According to them, I'm a middle class Hispanic. I drink espresso, weight-train, watch Nick at Nite, and read Us magazine. It's like looking in a mirror!
I first came across this group in an not too flattering article Wash. Post Mag article by Gene Weingarten. Four days later, John Scalzi pens a piece for his site, Scalzi.com about it. Both say that even though Claritas, in the words of Weingarten, "claims to know so much about who inhabits each group that it can tell what magazines they read, what foods they eat, what TV shows they watch, how they exercise, where they go on vacation and how much money they borrow," managed to get it colossally wrong in their cases.
Now, noting that imitation is the sincerest form of flattery, that I'm nothing more than a mimic when it comes to writing, and that I'm already running out of ideas for this 4 month old site (I refuse to succumb to making this site a depository for quizzes.), I decided this was in interesting toy to play with. I decided to see who I am according to Claritas.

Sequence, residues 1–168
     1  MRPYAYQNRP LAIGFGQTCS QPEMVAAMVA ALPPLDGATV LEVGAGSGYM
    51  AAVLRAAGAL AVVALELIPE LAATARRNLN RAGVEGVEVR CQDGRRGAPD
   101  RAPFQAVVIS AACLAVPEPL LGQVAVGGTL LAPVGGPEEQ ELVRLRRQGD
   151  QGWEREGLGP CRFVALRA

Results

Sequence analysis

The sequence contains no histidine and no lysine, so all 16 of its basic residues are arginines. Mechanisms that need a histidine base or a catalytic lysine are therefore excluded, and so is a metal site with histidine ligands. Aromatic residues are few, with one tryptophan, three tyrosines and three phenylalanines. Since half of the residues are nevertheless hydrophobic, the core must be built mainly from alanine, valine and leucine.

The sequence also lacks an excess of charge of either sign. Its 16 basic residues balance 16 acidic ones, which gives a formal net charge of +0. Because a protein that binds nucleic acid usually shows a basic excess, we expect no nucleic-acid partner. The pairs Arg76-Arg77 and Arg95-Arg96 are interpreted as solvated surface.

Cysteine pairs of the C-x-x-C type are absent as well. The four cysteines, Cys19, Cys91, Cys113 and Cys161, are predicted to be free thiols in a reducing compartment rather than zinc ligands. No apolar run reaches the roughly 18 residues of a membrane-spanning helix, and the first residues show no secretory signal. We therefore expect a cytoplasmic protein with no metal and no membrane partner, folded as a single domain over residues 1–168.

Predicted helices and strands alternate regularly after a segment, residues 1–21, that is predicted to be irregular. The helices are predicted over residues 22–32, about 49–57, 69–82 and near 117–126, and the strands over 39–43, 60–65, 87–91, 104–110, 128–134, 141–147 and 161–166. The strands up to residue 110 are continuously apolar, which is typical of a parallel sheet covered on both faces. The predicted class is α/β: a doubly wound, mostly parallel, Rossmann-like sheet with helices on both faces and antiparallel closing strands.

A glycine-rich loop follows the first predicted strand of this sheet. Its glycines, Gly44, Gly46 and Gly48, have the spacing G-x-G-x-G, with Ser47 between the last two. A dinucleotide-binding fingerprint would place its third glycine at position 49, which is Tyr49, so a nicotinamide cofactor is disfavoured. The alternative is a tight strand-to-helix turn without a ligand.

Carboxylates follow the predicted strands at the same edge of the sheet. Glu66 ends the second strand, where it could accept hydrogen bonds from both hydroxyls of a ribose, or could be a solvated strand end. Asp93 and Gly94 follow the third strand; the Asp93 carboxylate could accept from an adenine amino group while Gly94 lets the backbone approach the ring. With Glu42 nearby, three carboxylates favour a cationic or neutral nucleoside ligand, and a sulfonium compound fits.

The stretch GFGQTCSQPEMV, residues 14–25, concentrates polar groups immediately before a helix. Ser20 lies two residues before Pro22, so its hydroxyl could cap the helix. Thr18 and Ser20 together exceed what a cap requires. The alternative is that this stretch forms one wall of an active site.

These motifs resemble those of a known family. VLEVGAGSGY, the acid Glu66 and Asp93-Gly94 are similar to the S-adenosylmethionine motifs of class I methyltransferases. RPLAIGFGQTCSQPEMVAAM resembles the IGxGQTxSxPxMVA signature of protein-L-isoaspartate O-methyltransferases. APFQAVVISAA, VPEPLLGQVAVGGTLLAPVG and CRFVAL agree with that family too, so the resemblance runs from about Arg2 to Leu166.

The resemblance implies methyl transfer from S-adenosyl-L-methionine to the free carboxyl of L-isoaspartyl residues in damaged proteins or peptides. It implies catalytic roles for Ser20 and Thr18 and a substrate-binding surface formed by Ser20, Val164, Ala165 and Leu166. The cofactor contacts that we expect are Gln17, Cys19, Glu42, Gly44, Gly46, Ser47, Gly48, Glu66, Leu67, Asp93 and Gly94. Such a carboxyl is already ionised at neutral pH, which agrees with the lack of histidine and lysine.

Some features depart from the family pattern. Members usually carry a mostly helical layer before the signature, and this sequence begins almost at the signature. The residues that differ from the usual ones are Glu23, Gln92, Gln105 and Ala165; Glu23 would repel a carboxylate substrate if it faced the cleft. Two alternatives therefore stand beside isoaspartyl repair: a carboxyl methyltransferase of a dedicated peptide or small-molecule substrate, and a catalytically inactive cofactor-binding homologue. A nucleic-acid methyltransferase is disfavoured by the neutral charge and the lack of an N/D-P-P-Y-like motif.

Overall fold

You can do this, too! Just click here and type in your ZIP code. For my zip code, they came up with these five categories of people (they limit results to the five most likely, I believe), each with their own cutsy marketing type names. Thus we have...
Therefore, if you ask them who I was, I could be a member of the super rich where my family income is about $136,000 and SterlingManor is really a manor, and not an euphamism. I could summer in Eastern Europe (and actually use summer as a verb), and rant about MPT's firing of Louis Rukeyser from Wall Street Week.
Or I could be a blue-collar worker, who reads Us magazine and watches Nick at Nite. You can't get results like that from Madam Cleo.
In the neighboring Zip code we have groups like Old Yankee Rows whose distinguishing characteristic is that they "[b]elieve ad campaigns". That is opposed to Money and Brains whom like to watch The X-Files even though it has begun to suck.